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Village of Columbus and Camp Furlong is an historic district that includes portions of what is now the town of Columbus, New Mexico, Pancho Villa State Park, and an airfield, all in Columbus, New Mexico. It was the site of a raid led by Pancho Villa in 1916 that had wide impacts.

The Village of Columbus and Camp Furlong historic district was declared a National Historic Landmark in 1975.[1][2]

Pancho Villa State ParkEdit

At Pancho Villa State Park, several buildings remain from the time of Villa's 1916 raid, and are listed on the National Register of Historic Places. These include the 1902 U.S. Customs House, two adobe structures dating from the Camp Furlong-era, and the Camp Furlong Recreation Hall. The old Customs House is now the State Park visitor center, with exhibits describing the histories of Pancho Villa, the Columbus raid of 1916, and Pershing's Punitive Expedition.[3]

HistoryEdit

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|date= }} On March 9, 1916 Camp Furlong was the headquarters of the 13th U.S. Cavalry under command of Colonel H. J. Slocum.[4] The 13th Cavalry was stretched along the border on outpost duty from Noria to Hermanas on the El Paso and Southwestern Railroad. At least three troops were present during the raid on Columbus by Pancho Villa's irregulars. The hero of the day was Lt. Lucas of the machine gun troop, who while barefoot, set up machine guns in the main area of the town and directed heavy fire against the raiders. His actions inflicted numerous casualties on Villa's Forces and caused them to retreat back into Mexico.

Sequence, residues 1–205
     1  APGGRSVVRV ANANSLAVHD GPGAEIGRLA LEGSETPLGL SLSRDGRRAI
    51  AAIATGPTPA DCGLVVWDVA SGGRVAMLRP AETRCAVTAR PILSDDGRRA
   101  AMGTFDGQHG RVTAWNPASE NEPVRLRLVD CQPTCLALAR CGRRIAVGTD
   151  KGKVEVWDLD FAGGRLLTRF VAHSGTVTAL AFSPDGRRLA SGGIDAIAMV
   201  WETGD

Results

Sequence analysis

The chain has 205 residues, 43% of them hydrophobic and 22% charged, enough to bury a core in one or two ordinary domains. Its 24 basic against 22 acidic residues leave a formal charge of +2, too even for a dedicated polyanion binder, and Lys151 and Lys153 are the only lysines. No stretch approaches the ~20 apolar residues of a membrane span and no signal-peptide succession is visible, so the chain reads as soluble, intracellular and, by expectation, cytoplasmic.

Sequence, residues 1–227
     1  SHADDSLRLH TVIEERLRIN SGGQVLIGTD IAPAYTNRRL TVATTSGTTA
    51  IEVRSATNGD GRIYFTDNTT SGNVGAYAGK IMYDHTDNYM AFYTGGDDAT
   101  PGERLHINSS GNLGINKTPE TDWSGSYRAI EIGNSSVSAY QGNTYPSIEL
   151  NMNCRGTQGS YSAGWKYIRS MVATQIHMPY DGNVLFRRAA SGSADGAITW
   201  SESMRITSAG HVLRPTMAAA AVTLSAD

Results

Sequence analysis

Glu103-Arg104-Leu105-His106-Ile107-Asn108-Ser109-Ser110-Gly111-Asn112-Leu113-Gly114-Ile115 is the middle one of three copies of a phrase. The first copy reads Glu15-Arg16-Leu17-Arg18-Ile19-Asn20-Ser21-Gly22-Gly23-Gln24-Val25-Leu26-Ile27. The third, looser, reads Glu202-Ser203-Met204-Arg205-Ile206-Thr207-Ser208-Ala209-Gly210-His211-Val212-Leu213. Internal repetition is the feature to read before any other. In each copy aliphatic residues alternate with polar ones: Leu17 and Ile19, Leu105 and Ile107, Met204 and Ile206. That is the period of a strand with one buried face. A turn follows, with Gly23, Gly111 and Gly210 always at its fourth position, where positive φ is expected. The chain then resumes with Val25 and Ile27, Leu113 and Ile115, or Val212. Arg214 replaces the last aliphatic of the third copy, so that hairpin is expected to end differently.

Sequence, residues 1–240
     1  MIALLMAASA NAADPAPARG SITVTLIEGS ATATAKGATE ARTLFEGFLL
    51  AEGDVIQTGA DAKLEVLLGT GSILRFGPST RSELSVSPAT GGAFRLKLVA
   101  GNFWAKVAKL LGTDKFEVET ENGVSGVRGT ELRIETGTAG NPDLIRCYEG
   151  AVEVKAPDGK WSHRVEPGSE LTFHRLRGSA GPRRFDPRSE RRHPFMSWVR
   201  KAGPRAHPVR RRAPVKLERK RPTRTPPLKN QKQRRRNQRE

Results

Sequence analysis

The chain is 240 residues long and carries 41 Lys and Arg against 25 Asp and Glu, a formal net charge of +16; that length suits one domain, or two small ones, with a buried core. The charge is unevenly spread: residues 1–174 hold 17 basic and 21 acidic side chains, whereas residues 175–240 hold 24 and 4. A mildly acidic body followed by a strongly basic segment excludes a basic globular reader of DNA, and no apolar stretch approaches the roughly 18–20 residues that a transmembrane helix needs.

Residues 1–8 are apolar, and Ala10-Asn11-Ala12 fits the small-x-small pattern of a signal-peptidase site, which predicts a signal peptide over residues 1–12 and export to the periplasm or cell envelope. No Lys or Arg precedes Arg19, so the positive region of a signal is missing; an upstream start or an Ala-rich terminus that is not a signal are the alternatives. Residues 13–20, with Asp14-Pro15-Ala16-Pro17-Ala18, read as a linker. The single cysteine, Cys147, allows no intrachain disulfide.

Almost overnight the camp became a large military installation for protection from other raids and in preparation for a punitive expedition into Mexico to be led by General John J. Pershing. First on the scene were elements of the New Mexico National Guard. Various regular units then arrived to provide support to the troops in Mexico. Columbus had the distinction of having the first tactical military airfield in the United States. A squadron of JN4 Curtis Jennie biplanes provided aerial observation for the expedition, although most of the aircraft were lost to crashes in the rugged Mexican mountains. Camp Furlong also had supply facilities and repair yards for the early motor trucks used in Mexico. At its peak the camp was headquarters for more than 5,000 troops.

Following the withdrawal of the Punitive Expedition, the 24th Infantry Regiment was headquartered at the post.[5] They were called in the summer of 1919 to assist in chasing Pancho Villas troops out of Ciudad Juarez. With the conclusion of the Mexican Revolution, the post lost its importance and only 100 men were garrisoned there in 1921. All troops in the area were gone by 1923.

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